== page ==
NLRB dismisses union's charges against Lehigh Investigation finds no labor violations

February 07, 1993|By Amy L. Miller | Amy L. Miller,Staff Writer

The National Labor Relations Board has dismissed seven charges filed against Lehigh Portland Cement Co. by the union that represents the firm's Union Bridge workers.

Louis J. D'Amico, the NLRB's regional director, said his investigation concluded that the Union Bridge plant had not violated the National Labor Relations Act.

The union, Local 10031 of the United Paperworkers International Union, AFL-CIO, filed the charges last September. They included claims that Lehigh's management unilaterally changed employees' hours of work, refused to pay overtime, bypassed union officials to meet directly with employees and failed to meet with a union representative regarding the suspension of one employee.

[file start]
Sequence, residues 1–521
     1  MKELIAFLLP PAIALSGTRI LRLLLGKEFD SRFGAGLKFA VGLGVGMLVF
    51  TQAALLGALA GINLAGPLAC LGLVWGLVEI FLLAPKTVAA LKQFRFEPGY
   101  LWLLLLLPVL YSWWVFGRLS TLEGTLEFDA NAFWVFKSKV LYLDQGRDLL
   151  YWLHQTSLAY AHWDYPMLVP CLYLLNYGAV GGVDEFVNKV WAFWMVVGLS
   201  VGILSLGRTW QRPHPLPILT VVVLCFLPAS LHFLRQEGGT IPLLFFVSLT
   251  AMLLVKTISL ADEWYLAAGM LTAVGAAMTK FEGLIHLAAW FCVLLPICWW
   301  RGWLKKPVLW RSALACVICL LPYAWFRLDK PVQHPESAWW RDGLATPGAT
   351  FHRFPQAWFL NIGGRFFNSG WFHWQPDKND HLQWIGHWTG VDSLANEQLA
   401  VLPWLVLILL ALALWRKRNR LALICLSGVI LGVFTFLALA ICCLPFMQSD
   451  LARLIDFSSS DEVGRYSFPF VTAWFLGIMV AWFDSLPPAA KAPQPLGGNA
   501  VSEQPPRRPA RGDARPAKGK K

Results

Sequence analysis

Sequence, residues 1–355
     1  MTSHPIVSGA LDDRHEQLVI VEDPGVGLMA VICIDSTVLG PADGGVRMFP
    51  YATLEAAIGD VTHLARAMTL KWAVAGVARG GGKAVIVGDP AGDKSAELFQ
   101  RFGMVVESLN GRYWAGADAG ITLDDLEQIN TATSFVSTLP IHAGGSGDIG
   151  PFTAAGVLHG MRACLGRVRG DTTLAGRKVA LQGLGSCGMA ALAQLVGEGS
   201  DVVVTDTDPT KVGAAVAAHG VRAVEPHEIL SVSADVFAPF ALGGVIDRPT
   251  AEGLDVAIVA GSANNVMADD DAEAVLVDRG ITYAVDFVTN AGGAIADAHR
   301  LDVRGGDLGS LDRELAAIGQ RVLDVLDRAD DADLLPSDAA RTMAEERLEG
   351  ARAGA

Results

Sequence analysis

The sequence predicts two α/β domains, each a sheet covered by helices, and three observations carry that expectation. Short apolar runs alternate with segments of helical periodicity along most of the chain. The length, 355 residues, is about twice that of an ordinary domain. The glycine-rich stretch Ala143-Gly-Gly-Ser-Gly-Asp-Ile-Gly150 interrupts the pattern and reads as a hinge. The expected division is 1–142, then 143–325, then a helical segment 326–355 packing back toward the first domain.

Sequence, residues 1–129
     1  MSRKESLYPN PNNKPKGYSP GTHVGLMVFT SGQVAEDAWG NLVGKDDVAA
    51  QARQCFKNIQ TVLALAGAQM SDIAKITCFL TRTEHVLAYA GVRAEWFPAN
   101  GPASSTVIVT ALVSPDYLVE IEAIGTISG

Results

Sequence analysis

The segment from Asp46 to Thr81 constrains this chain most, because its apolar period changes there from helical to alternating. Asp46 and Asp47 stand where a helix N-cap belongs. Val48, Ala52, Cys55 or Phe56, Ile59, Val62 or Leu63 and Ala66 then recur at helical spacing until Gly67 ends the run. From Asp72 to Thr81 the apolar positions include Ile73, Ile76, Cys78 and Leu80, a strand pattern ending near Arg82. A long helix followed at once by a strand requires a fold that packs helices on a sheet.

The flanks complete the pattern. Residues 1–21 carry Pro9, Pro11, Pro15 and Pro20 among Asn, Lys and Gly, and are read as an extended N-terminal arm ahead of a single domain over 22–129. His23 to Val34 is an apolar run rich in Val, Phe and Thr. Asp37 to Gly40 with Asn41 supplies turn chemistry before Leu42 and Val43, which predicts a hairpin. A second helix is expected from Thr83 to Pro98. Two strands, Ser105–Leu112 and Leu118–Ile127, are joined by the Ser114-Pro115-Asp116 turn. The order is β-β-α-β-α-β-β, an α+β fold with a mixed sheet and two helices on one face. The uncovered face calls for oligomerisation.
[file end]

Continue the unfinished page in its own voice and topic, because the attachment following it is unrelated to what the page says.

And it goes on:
Several amendments to the charges were added over the following months to clarify information.

"In view of the foregoing, I am refusing to issue a complaint on any of the issues raised by the charge," Mr. D'Amico said in his three-page response letter.

James E. Harris, president of the local that represents Lehigh's workers, said the group has not decided whether to appeal.

The local's leaders are waiting for advice from the international chapter, he said.

"We were very disappointed in the decision of the board," he said. "We felt we had substantial reasons for the charges we filed."

The deadline for the local to file an appeal is Feb. 12.

"This is not an issue we fought for," said David Roush, Lehigh's Union Bridge plant manager. "We are neither happy nor sad about it. It's just a decision."

He declined to make any further comment.

The United Paperworkers have represented Lehigh's employees since the summer of 1991, when the workers voted to leave the International Brotherhood of Boilermakers after their contract expired that year.

Lehigh employees still are working under the terms of that expired contract. Union and company representatives have been trying for 1 1/2 years to negotiate a new agreement.

"I can't say they're going terrific," Mr. Harris said of the contract negotiations.

He declined to discuss details.

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